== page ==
08/10/2011

On Money Box with Paul Lewis:

Possibly the worst global financial crisis ever, and certainly the worst since the 1930s. That's the view of Mervyn King the governor of the Bank of England. And that is why the Bank decided to created another £75 billion in phase II of the process known as Quantitative Easing. The bank creates the money and then buys back government debt mainly from the high street banks, giving them more cash to lend to others. Phillip Coggan, writer for the Economist and the Buttonwood Blog and Mark Gull from The Pension Corporation, join the programme.

Nearly a million pensioner households will get £120 off their energy bills on their winter bill in the winter. To qualify they must get the guarantee part of the state pension credit - and only the guarantee part. That means they have a weekly income of about £103 or less if they're single or about £164 a week or less if they are a couple. The rebate will be taken off their bill in the spring but they should be getting a letter next month to tell them they are eligible. This scheme is called the Warm Home Discount and eventually it will replace various reduced price 'social tariffs' for low income households which the big energy companies offer. But what if you are not a low income pensioner? What help can you get? Fiona Woods reports. The show also hears from British Gas and EDF.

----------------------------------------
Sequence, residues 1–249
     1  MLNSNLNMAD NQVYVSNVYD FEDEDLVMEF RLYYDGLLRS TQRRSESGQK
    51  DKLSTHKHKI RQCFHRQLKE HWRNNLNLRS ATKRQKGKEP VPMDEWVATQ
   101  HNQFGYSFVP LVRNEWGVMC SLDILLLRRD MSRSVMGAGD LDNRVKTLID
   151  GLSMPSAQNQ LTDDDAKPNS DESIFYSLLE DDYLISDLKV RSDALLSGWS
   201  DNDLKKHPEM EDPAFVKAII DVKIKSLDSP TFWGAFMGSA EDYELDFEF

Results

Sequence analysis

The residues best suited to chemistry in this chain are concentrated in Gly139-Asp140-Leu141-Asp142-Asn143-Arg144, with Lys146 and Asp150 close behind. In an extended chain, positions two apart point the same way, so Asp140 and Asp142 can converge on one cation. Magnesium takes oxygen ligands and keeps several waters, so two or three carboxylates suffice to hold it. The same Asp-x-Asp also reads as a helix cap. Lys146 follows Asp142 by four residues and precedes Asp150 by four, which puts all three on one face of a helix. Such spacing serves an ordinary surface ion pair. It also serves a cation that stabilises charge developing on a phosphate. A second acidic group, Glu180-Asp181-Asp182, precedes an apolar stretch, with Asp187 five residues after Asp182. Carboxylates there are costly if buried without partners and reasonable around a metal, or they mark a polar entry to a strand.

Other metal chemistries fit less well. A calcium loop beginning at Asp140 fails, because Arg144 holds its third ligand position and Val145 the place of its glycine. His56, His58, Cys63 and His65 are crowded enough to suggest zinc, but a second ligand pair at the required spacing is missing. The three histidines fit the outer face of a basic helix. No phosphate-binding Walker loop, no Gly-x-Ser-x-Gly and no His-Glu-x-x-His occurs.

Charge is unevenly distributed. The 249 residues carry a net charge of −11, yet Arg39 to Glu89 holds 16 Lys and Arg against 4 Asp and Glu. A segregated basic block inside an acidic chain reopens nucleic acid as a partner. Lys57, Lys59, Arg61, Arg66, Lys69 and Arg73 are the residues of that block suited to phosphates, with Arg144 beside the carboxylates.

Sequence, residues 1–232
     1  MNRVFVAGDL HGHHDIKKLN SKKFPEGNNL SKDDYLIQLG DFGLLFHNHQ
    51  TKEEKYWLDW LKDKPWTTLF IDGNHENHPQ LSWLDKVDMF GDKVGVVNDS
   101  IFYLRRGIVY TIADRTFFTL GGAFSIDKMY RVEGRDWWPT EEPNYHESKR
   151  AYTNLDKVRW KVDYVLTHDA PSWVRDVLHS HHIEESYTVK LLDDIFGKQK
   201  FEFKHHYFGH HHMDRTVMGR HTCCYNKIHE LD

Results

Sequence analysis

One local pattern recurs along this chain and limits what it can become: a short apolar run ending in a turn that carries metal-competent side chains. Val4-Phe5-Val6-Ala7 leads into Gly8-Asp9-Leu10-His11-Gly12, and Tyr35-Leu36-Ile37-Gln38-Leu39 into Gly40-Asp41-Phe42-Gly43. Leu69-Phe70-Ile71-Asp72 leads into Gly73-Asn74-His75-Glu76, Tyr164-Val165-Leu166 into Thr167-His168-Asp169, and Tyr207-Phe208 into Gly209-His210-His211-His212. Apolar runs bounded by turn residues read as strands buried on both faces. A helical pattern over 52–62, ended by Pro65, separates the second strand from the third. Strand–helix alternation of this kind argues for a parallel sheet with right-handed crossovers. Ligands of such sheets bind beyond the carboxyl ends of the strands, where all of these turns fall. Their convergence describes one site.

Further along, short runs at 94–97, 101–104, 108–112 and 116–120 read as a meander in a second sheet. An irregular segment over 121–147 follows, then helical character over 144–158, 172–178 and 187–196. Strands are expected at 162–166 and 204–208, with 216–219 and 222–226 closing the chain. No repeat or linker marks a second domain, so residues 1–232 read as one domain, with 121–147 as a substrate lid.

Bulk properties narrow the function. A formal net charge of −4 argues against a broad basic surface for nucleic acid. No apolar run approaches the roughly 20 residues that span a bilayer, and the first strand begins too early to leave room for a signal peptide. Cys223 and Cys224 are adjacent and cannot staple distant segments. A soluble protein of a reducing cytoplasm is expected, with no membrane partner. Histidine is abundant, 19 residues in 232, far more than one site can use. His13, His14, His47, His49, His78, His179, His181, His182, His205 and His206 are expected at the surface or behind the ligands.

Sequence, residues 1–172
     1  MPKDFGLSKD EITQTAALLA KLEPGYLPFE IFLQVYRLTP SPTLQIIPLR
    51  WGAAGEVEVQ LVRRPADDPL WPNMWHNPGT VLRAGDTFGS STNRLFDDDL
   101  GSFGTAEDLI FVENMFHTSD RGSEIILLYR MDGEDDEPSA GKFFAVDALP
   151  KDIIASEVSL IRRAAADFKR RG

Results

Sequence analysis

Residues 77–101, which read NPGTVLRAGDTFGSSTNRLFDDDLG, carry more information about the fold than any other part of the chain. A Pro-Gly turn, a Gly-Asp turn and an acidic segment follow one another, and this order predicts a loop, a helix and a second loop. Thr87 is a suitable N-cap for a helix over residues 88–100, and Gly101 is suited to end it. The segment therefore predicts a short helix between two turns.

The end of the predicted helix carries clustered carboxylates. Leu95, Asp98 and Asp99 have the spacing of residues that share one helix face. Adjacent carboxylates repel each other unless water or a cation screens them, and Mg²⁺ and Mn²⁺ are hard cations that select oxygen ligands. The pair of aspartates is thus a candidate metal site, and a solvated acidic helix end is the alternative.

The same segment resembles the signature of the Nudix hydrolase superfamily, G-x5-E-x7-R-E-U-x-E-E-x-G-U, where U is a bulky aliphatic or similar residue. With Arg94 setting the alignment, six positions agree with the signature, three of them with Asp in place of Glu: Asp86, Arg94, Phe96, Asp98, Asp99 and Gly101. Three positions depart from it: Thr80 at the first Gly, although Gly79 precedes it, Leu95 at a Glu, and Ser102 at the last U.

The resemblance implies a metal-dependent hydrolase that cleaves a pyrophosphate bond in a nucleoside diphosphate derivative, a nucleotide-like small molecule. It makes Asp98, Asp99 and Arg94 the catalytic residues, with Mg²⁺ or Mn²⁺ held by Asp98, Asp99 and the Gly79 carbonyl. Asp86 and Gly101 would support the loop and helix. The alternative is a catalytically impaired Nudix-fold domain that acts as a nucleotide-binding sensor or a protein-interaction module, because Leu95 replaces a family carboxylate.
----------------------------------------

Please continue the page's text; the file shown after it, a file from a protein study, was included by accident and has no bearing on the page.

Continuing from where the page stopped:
The Prime Minister almost told us that we should pay off our credit card debt this week. But after gasps of amazement from economists the text was subtly changed before he made his final speech to the Conservative Party conference. Instead David Cameron said that households 'are paying off' credit and store card debts.
So why did he decide to pull back from advising everyone to pay off their debts? Money Box explores the nation's credit card habits with David Nash, research fellow at the Institute of Public Policy Research and David Dooks, director of statistics at the BBA .

The telecoms giant BT is obliged to offer a cheap line rental deal for low income people receiving certain means tested benefits. But Money Box listener Richard Hillary, whose wife Eileen receives Pension Credit (Guaranteed Credit), was surprised their application for BT Basic, was rejected. Under the tariff, the line rental costs £14.40 for three months, with a call allowance of £4.50. The programmes hears from Richard Hillary and also from Peter Oliver, BT's commercial director.

The Prime Minister almost told us that we should pay off our credit card debt this week. But after gasps of amazement from economists the text was subtly changed before he made his final speech to the Conservative Party conference. Instead David Cameron said that households 'are paying off' credit and store card debts.

So why did he decide to pull back from advising everyone to payoff their debts. David Nash is a research fellow at the left of centre Institute of Public Policy Research.

Release date:

Available now

30 minutes

Last on

Sun 9 Oct 2011 21:00

Download this programme

Download this episode

Subscribe to this programme or download individual episodes.